The Lapsed Fan: This Tuesday in Texas

the lapsed fan This Wednesday on WrestleZone, it’s This Tuesday in Texas, as The Lapsed Fan podcast team goes in on the WWF’s 1991 Tuesday night pay-per-view experiment, headlined by Hulk Hogan v. The Undertaker II and an unforgettable Jake Roberts/Macho Man/Elizabeth angle. Hosts Jack Encarnacao and JP Sarro have your meditation on the somewhat awkward Hogan/Flair/Taker dynamic of the time, and a detailed analysis of what made the Jake Roberts and Randy Savage angle – which took a shocking turn on this show – one of the best pieces of business the WWF ever put together. Your co-chairmen touch on a range of other TTIT related topics, including:- The improvised entrance theme Jack used for Skinner in his Hasbro action figure league – Why Jake Roberts is among the greatest promos ever, and an appraisal of the spine-tingling lines he drops on a shocked audience- Undertaker no-selling – The best Warlord match- How hard the show was to find on VHS- Idle speculation about why Hogan had to use a handful of embalmed corpse ash to defeat Undertaker – The air coming out of the balloon of the Hogan/Flair programThat and so much more, including discussion of some clutch feedback the panel has received from Lapsed Fans like you on questions raised on prior podcast. http://www.wrestlezone.com/news/491365-the-lapsed-fan-podcast-episode-8You can also subscribe to us on iTunes.  Search:  The Lapsed Fan Follow us on Twitter:  @thelapsedfan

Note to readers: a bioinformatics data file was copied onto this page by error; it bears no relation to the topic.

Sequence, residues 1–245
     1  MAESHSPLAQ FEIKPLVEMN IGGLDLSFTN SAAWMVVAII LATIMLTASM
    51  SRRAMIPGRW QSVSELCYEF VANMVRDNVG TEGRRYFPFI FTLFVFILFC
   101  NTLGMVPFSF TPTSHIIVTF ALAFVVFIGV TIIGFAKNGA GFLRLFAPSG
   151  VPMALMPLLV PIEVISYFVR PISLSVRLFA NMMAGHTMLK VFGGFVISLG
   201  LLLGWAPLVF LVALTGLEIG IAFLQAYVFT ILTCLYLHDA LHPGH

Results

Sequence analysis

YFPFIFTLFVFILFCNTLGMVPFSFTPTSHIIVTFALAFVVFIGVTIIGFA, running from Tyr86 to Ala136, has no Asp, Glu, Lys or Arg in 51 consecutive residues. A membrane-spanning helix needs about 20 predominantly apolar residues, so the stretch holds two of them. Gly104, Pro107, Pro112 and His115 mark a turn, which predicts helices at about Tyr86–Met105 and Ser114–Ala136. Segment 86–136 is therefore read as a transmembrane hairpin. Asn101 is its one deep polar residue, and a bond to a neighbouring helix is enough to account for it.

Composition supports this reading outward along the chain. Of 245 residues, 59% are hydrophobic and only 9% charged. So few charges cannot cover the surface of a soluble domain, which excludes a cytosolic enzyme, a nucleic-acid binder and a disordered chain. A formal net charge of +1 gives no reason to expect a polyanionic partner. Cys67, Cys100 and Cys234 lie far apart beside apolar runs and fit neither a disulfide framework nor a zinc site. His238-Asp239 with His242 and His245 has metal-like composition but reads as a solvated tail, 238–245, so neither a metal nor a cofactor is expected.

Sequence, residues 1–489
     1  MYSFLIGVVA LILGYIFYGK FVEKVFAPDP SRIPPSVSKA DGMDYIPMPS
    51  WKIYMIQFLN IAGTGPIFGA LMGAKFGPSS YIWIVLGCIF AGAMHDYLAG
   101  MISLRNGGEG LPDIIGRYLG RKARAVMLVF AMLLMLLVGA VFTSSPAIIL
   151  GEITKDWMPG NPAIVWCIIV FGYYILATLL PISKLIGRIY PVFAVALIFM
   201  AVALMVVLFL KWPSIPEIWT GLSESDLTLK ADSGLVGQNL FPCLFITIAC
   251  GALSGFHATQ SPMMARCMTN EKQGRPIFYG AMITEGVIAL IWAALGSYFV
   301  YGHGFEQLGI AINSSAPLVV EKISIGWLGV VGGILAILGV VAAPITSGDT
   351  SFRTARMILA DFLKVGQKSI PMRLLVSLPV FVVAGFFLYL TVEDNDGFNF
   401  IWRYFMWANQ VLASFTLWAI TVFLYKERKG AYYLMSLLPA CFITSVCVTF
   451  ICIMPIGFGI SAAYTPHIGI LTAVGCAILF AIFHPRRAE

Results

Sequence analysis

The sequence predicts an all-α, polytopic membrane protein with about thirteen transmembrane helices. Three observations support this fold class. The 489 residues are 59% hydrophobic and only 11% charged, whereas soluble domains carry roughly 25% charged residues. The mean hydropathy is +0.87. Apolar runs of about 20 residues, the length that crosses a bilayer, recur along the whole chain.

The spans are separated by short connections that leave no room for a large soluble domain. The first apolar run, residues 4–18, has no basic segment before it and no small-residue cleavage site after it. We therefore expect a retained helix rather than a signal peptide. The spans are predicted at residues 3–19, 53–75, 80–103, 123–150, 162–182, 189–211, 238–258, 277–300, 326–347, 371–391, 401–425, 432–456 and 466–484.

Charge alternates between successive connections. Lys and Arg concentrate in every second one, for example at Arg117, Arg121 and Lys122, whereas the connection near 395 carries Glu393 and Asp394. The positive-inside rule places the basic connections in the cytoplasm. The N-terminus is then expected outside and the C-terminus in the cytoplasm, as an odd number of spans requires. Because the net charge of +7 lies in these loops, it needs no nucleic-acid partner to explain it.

www.jpsarro.com

Texas Tornado

Hey Scott, I was rewatching the WCCW DVD and a question occurred to me. Did Vince have bigger plans for Kerry than what ended up panning out? I was a strictly WWF kid growing up so I had no idea who the Texas Tornado even was in 1990; but I'm curious now, did they sign him with plans to use him as a top guy, or was it just more of Vince gobbling up territorial stars like he'd done throughout the 80's? —————– No, if anything they had smaller plans for him due to the missing foot and "demons".  He was just a guy with a good look by that point and lucked into the IC title push.